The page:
Evaluation of the safety performance of highway alignments based on fault tree analysis and safety boundaries
Objectives: To overcome the limitations of previous highway alignment safety evaluation methods, this article presents a highway alignment safety evaluation method based on fault tree analysis (FTA) and the characteristics of vehicle safety boundaries, within the framework of dynamic modeling of the driver–vehicle–road system.
Methods: Approaches for categorizing the vehicle failure modes while driving on highways and the corresponding safety boundaries were comprehensively investigated based on vehicle system dynamics theory. Then, an overall crash probability model was formulated based on FTA considering the risks of 3 failure modes: losing steering capability, losing track-holding capability, and rear-end collision.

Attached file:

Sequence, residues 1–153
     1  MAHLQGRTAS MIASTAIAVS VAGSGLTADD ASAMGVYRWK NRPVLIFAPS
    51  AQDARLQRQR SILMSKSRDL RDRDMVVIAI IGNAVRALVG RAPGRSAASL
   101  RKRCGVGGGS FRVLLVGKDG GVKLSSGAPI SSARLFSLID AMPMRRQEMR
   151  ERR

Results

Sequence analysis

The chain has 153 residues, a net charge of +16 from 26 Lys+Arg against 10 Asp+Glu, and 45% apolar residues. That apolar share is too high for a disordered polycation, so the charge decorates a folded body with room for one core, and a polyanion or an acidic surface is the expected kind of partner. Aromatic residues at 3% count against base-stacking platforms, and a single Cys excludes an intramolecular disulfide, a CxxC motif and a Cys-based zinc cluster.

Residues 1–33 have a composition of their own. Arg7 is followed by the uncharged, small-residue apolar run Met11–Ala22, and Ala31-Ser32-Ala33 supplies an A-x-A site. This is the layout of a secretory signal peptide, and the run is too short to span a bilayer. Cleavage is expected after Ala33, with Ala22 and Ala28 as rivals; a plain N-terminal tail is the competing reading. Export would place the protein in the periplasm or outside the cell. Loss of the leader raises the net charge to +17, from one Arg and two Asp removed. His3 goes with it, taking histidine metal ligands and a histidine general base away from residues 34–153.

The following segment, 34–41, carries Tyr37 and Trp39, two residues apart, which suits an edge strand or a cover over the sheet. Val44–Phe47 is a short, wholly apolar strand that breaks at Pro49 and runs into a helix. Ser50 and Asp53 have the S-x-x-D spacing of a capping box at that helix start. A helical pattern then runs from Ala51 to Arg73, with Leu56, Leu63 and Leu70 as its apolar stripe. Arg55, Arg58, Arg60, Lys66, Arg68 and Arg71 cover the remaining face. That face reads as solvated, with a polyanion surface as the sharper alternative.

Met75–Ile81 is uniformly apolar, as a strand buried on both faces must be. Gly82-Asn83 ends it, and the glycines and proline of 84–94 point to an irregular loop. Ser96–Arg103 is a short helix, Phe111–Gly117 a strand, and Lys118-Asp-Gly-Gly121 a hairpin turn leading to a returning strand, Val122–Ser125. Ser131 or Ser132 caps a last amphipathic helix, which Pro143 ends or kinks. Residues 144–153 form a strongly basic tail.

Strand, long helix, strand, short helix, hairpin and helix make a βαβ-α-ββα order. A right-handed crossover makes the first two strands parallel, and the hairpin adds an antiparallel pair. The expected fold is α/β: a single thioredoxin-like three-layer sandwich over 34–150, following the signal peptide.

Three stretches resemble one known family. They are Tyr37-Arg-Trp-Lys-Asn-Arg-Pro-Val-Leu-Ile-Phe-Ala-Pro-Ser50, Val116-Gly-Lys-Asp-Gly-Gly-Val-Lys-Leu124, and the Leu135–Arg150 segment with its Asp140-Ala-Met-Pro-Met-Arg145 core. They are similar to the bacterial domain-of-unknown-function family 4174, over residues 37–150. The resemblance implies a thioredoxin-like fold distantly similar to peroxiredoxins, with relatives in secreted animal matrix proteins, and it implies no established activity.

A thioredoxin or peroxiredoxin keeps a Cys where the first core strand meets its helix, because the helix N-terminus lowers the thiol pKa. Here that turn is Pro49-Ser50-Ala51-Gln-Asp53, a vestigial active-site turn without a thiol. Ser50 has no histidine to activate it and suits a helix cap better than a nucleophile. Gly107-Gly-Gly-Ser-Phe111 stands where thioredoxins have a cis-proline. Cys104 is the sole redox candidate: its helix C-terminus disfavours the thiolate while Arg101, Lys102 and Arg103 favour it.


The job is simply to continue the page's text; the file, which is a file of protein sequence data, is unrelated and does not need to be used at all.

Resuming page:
Results: The proposed method was implemented on a highway segment between Bengbu and Nanjing in China. A driver–vehicle–road multibody dynamics model was developed based on the 3D alignments of the Bengbu to Nanjing section of Ning-Luo expressway using Carsim, and the dynamics indices, such as sideslip angle and, yaw rate were obtained. Then, the average crash probability of each road section was calculated with a fixed-length method. Finally, the average crash probability was validated against the crash frequency per kilometer to demonstrate the accuracy of the proposed method. The results of the regression analysis and correlation analysis indicated good consistency between the results of the safety evaluation and the crash data and that it outperformed the safety evaluation methods used in previous studies.
Conclusion: The proposed method has the potential to be used in practical engineering applications to identify crash-prone locations and alignment deficiencies on highways in the planning and design phases, as well as those in service.